The sailors on deck decided to cast lots, to roll dice, in order to determine on whose account this calamity had come upon them. They rolled the dice, and the dice picked Jonah. The sailors said to him, ‘Tell us why this is happening. Where do you come from? And who are your people?’ Jonah replied ‘I am a Hebrew, I worship the LORD, the God of heaven, who made the sea and the dry land.’ Then the sailors were even more afraid, because he told them that he was fleeing from the presence of the LORD. (1:7-10)

The sailors said to him, ‘What shall we do to you, so that the sea may quiet down for us?’ For the sea was growing more and more tempestuous. Jonah said to them, ‘Pick me up and throw me into the sea; then it will quiet down; I know it is because of me that this great storm has come upon you.’ The sailors did not want to throw him overboard so they rowed hard to bring the ship back to land, but they could not reach the shore, for the sea grew more and more stormy against them. Finally, they cried out to Jonah’s god, the LORD, ‘Please, O Lord, we pray, do not let us die because of this man’s life. We do not want to be guilty of his death, but if this is what is needed, here he is.’  And they picked Jonah up and threw him into the sea; and immediately the sea was calm. Then the sailors feared the LORD even more, and they worshipped and made vows to the LORD.(1:11-16)

As Jonah sank beneath the waves, the LORD sent a large fish to swallow up Jonah; and Jonah was in the belly of the fish for three days and three nights. From inside the fish Jonah prayed to the LORD, asking for deliverance from the deep and promising to do as the LORD had asked.  When Jonah had finished his prayer, the Lord spoke to the fish, and it vomited Jonah out upon dry land. (1:17-2:10)

As Jonah sat on the beach, covered in fish vomit, The LORD spoke to him a second time, saying, ‘Get up, go to Nineveh, that great city, and proclaim to it the message that I tell you.’ “Fine” Jonah said.  Wet, smelly, but alive, he set out and went to Nineveh, as the LORD had directed him. Now Nineveh was an enormous city, a three days’ walk across. Jonah cautiously entered the city, and walked for one day.  He was frightened to be in the city of his enemies and despite his promise, he was still reluctant to say anything. At the end of that day he stood on a street corner and quickly cried out, ‘Forty days more, and Nineveh shall be overthrown!’ The shortest sermon ever recorded in Scripture!  He was certain that he would be arrested or attacked by the people around him, the best he could hope for was to be ignored, but instead, the people of Nineveh believed him.  They proclaimed a fast, and everyone, great and small, put on sackcloth, the clothing of repentance and mourning.(3:1-5) It was the most complete and astonishing response to any sermon ever!  The whole city listened and repented.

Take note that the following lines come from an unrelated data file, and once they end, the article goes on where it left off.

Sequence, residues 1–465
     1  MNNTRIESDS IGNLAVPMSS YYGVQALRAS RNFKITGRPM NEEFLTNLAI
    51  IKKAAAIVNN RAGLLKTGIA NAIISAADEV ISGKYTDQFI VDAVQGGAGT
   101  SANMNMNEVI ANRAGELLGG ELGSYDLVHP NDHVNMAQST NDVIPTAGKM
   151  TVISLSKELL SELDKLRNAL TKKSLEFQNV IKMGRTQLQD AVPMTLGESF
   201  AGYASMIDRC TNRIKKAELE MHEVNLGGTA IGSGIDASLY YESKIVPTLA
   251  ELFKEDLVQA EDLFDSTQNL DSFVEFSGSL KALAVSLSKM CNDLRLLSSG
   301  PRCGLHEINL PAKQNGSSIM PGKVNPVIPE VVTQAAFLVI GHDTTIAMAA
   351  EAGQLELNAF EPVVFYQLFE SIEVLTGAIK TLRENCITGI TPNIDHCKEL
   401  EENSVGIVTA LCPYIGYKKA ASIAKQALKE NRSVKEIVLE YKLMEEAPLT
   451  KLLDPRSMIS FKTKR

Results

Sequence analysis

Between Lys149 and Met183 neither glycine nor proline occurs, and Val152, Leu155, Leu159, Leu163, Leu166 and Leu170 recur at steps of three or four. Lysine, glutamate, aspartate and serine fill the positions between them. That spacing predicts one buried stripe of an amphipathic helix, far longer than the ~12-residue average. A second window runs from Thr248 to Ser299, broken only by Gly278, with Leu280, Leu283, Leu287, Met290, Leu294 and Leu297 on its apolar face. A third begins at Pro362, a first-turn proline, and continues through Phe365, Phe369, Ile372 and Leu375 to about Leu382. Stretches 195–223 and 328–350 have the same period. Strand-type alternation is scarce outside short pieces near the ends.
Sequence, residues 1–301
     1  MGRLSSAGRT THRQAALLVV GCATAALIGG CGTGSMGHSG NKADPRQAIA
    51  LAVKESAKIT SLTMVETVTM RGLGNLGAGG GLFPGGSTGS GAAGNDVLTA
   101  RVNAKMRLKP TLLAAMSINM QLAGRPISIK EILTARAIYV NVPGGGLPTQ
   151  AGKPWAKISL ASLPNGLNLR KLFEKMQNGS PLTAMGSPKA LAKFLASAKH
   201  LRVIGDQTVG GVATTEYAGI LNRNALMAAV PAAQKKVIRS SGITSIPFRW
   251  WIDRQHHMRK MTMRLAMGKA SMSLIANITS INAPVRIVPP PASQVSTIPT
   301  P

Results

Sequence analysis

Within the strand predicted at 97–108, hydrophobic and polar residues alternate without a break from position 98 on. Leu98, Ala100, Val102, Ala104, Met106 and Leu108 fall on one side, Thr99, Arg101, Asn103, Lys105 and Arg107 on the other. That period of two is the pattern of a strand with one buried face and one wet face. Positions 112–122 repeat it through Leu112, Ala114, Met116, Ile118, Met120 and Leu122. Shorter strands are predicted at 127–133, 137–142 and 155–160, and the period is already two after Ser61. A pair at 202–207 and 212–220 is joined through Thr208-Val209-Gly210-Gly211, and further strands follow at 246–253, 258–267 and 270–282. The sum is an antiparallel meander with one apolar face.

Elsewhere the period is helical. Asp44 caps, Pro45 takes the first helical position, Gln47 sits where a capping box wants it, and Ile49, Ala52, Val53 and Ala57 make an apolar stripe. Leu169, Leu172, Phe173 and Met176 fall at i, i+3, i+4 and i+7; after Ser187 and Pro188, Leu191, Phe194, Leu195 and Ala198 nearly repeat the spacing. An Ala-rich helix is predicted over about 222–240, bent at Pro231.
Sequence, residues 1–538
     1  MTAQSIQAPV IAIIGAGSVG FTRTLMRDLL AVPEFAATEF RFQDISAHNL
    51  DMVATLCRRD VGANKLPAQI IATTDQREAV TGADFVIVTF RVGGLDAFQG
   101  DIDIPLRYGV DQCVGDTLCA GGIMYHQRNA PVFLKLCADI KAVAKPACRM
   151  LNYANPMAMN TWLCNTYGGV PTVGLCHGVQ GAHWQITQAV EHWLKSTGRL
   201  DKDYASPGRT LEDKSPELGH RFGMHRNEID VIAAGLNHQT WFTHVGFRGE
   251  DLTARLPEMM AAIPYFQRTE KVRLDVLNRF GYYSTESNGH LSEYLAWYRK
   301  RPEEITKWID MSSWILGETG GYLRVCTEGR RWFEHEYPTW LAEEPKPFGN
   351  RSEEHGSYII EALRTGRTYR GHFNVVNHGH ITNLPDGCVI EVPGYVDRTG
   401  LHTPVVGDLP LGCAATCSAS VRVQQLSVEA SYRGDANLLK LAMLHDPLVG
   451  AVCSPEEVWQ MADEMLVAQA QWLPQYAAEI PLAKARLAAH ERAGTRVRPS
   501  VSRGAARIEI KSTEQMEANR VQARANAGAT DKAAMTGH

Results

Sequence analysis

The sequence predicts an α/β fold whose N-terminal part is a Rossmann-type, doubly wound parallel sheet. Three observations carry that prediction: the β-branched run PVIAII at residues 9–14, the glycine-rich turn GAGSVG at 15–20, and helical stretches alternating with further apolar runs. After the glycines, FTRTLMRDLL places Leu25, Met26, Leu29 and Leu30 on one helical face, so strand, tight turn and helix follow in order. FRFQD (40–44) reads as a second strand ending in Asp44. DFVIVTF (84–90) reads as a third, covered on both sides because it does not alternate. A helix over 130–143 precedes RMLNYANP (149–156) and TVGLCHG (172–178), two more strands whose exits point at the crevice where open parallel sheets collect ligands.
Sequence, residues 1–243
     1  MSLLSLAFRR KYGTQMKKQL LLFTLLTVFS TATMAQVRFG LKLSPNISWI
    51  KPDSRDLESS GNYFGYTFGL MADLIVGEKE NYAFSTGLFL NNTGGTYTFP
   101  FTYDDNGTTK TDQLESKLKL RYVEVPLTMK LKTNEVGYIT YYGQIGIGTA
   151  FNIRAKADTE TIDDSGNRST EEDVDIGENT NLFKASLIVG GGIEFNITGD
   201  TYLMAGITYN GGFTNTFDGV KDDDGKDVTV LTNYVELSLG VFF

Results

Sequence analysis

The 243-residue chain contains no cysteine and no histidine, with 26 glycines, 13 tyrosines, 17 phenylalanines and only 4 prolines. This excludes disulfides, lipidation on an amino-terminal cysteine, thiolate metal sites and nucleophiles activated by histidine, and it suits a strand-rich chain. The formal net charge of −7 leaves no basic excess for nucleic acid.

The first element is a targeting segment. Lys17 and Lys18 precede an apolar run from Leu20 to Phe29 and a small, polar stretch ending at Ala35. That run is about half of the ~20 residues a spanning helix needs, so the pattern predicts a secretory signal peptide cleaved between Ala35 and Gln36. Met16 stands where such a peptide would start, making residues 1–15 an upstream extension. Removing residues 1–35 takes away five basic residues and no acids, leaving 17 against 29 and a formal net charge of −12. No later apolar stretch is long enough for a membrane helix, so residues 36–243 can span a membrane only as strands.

When the news reached the king of Nineveh, the king of Assyria, the enemy of Judah, he got up from his throne.  He removed his luxurious robe to cover himself with sackcloth, and he sat down in ashes as a sign of his own personal repentance.  He had a proclamation made in Nineveh: ‘By the decree of the king and his nobles: No human being or animal, no cows, or goats or chickens, shall eat anything; no food and no water. All people and all animals shall be covered with sackcloth, and they shall all cry mightily to God. Everyone shall turn from their evil ways and from the violence that is in their hands. Who knows?” the king said, ‘God may relent and change God’s mind about us.  God may turn from God’s fierce anger, so that we do not perish.’ (3:6-9).  Whereas Jonah had run away from God, this pagan king took responsibility for his actions and was hopeful that God would be merciful to him and to his people.

When God saw what the Ninevites had done, how they had turned from their evil ways and how completely they had repented and changed, God changed God’s mind.  God repented about the calamity that was to be brought upon them; and God did not bring destruction to the city. (3:10)

Now, you would think that Jonah would be happy that his five word sermon had had its intended affect.  He was the most successful prophet in all of Scripture! But no, Jonah was not happy.  He was livid.  The Hebrew reads roughly, ‘it was evil to Jonah, a great evil, and his anger burned.” (Beth Tanner, workingpreacher.org) Jonah prayed to the LORD and said, ‘O LORD! This is what I said while I was still in my own country! This is why I fled to Tarshish in the first place; for I knew that you are a gracious God and merciful, slow to anger, and abounding in steadfast love, and ready to relent from punishing. (4:1-2) I knew you would forgive them despite all they have done so why did I have to bother coming here?” Jonah took the gracious description of God on which the people of Israel depended and used it as an accusation.  “How dare you God, care for them as you care for us?!  It is not right and it is not fair!”